creatorcontrib
0Zhang, Zhou
1Wang, Xinming
2Zhang, Yanli
3Lü, Sujun
4Huang, Zhonghui
5Huang, Xinyu
6Wang, Yuesi
titleAmbient air benzene at background sites in China's most developed coastal regions: Exposure levels, source implications and health risks
descriptionBenzene is a known human carcinogen causing leukemia, yet ambient air quality objectives for benzene are not available in China. The ambient benzene levels at four background sites in China's most developed coastal regions were measured from March 2012 to February 2013. The sites are: SYNECP, in the Northeast China Plain (NECP); YCNCP, in the North China Plain (NCP); THYRD, in the Yangtze River Delta (YRD) and DHPRD, in the Pearl River Delta (PRD). It was found that the mean annual benzene levels (578–1297ppt) at the background sites were alarmingly higher, especially when compared to those of 60–480pptv monitored in 28 cities in the United States. Wintertime benzene levels were significantly elevated at both sites (SYNECP and YCNCP) in northern China due to heating with coal/biofuels. Even at these background sites, the lifetime cancer risks of benzene (1.7–3.7E−05) all exceeded 1E−06 set by USEPA as acceptable for adults. At both sites in northern China, good correlations between benzene and CO or chloromethane, together with much lower toluene/benzene (T/B) ratios, suggested that benzene was largely related to coal combustion and biomass/biofuel burning. At the DHPRD site in the PRD, benzene revealed a highly significant correlation with methyl tert-butyl ether (MTBE), indicating that its source was predominantly from vehicle emissions. At the THYRD site in the YRD, higher T/B ratios and correlations between benzene and tetrachloroethylene, or MTBE, implied that benzene levels were probably affected by both traffic-related and industrial emissions. •Background benzene had higher cancer risk in China's developed regions.•Coal/biofuel burning for heating increased benzene levels in winter in north China.•Industrial emission contributed substantially to benzene in the Yangtze River Delta.•Vehicle exhaust was the main source of benzene in the Pearl River Delta.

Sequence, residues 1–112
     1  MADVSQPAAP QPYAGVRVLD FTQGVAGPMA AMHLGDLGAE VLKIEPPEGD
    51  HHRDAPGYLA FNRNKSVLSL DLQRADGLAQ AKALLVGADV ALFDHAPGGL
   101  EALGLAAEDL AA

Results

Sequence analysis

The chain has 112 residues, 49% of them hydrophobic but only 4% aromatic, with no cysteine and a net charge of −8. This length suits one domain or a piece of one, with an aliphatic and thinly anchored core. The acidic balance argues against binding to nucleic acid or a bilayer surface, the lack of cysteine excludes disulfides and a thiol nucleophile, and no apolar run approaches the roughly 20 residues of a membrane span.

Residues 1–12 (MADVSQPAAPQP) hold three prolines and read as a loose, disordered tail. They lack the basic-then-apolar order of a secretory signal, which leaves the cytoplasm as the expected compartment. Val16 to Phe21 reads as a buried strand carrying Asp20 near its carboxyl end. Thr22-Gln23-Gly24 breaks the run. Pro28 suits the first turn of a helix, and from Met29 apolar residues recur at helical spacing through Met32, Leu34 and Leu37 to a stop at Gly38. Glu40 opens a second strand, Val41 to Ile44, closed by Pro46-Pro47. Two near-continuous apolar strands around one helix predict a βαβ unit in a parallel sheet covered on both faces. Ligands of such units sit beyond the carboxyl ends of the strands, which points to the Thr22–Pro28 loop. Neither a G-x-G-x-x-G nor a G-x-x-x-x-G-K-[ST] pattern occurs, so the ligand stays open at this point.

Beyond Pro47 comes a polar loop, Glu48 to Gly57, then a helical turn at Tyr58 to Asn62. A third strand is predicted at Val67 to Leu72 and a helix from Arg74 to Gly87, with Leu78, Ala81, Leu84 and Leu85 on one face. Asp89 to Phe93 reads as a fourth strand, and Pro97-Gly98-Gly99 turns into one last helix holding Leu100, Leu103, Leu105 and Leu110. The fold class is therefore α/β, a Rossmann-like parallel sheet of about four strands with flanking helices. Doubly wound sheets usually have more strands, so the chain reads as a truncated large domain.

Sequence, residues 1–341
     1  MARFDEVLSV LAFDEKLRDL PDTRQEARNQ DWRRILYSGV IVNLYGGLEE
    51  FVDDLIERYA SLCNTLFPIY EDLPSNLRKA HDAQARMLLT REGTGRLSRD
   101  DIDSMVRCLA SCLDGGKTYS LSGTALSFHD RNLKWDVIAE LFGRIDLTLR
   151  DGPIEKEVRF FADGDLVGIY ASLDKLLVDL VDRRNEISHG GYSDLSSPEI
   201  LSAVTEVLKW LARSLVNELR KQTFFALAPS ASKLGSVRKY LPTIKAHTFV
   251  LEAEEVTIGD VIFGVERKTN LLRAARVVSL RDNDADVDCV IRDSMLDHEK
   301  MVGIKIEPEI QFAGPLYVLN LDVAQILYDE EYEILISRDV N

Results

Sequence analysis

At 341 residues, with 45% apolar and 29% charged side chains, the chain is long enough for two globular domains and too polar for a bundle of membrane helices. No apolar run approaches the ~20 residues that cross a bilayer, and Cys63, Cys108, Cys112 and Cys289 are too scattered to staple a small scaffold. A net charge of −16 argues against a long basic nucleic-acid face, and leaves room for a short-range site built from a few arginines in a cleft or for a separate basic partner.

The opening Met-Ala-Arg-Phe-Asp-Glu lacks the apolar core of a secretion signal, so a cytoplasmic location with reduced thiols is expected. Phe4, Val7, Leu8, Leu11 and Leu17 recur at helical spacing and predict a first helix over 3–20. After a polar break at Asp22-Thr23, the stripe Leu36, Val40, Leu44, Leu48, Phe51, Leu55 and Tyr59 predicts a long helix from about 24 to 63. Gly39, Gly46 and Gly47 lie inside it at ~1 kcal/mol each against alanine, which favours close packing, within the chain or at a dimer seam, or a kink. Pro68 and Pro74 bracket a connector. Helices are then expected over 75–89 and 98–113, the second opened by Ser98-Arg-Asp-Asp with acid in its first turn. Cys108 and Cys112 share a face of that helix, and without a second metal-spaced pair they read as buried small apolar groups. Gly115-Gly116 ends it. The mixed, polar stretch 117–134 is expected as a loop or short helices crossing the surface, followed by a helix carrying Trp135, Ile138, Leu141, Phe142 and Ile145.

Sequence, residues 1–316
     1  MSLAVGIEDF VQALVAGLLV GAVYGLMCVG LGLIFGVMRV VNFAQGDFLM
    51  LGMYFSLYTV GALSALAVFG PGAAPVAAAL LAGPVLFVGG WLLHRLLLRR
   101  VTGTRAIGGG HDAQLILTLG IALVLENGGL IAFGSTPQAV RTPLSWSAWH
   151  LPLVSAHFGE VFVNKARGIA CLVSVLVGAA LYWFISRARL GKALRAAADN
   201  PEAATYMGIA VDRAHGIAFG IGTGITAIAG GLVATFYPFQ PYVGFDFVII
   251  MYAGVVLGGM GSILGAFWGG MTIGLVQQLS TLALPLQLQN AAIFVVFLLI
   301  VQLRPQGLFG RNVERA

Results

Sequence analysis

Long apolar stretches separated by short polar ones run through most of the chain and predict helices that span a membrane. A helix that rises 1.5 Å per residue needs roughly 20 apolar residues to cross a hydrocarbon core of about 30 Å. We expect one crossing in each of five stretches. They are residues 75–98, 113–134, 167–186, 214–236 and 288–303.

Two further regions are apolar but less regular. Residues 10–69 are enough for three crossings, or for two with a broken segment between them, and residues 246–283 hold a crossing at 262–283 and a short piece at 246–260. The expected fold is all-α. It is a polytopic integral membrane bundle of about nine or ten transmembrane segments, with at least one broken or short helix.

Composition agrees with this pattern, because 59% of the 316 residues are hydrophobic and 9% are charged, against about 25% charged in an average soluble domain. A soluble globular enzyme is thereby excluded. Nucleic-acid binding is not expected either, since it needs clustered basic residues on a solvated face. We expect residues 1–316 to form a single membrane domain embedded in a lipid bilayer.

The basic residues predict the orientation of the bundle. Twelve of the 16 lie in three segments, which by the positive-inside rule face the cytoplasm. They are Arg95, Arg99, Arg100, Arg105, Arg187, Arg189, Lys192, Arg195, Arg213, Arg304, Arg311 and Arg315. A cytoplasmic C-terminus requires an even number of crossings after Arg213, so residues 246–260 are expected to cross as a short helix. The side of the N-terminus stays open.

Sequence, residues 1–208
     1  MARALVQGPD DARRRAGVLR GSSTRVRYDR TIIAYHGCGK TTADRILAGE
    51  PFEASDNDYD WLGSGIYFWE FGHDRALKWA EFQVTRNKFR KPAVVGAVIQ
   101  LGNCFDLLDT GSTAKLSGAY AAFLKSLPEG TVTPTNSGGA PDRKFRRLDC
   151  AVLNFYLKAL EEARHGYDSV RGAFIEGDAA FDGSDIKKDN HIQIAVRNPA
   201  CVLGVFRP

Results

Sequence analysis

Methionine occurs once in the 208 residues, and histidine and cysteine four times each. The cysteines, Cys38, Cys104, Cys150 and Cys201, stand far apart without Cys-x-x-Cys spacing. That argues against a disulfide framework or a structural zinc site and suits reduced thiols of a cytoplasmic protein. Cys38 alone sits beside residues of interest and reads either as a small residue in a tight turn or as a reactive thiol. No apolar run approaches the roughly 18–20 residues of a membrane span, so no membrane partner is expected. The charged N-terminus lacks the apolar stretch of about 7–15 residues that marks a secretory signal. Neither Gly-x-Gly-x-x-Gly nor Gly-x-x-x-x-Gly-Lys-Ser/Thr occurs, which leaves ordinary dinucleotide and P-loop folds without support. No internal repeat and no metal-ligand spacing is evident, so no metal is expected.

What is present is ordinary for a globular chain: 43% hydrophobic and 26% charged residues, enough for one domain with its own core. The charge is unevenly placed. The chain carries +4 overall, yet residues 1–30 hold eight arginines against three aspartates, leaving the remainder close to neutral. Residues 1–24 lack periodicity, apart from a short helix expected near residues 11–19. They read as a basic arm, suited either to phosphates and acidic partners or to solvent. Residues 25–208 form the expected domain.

subject
0Benzene
1Exposure
2Sources
3Health Risk
4Background
5China
general
0English
1Elsevier B.V.
210.1016/j.scitotenv.2015.01.003
3ScienceDirect (Elsevier B.V.)
4ScienceDirect Journals (Elsevier)
sourceidsciversesciencedirect_elsevier
recordidsciversesciencedirect_elsevierS0048-9697(15)00006-6
issn
000489697
10048-9697
rsrctypearticle
creationdate2015
addtitleScience of the Total Environment
searchscope
0sciversesciencedirect_elsevier
1elsevier_sciencedirect
scope
0sciversesciencedirect_elsevier
1elsevier_sciencedirect
startdate20150401
enddate20150401
citationpf 792 pt 800 vol 511
lsr30VSR-Enriched:[eissn, pqid, galeid]
sort
titleAmbient air benzene at background sites in China's most developed coastal regions: Exposure levels, source implications and health risks
authorZhang, Zhou ; Wang, Xinming ; Zhang, Yanli ; Lü, Sujun ; Huang, Zhonghui ; Huang, Xinyu ; Wang, Yuesi
creationdate20150401
lso0120150401
facets
frbrgroupid30691717351189816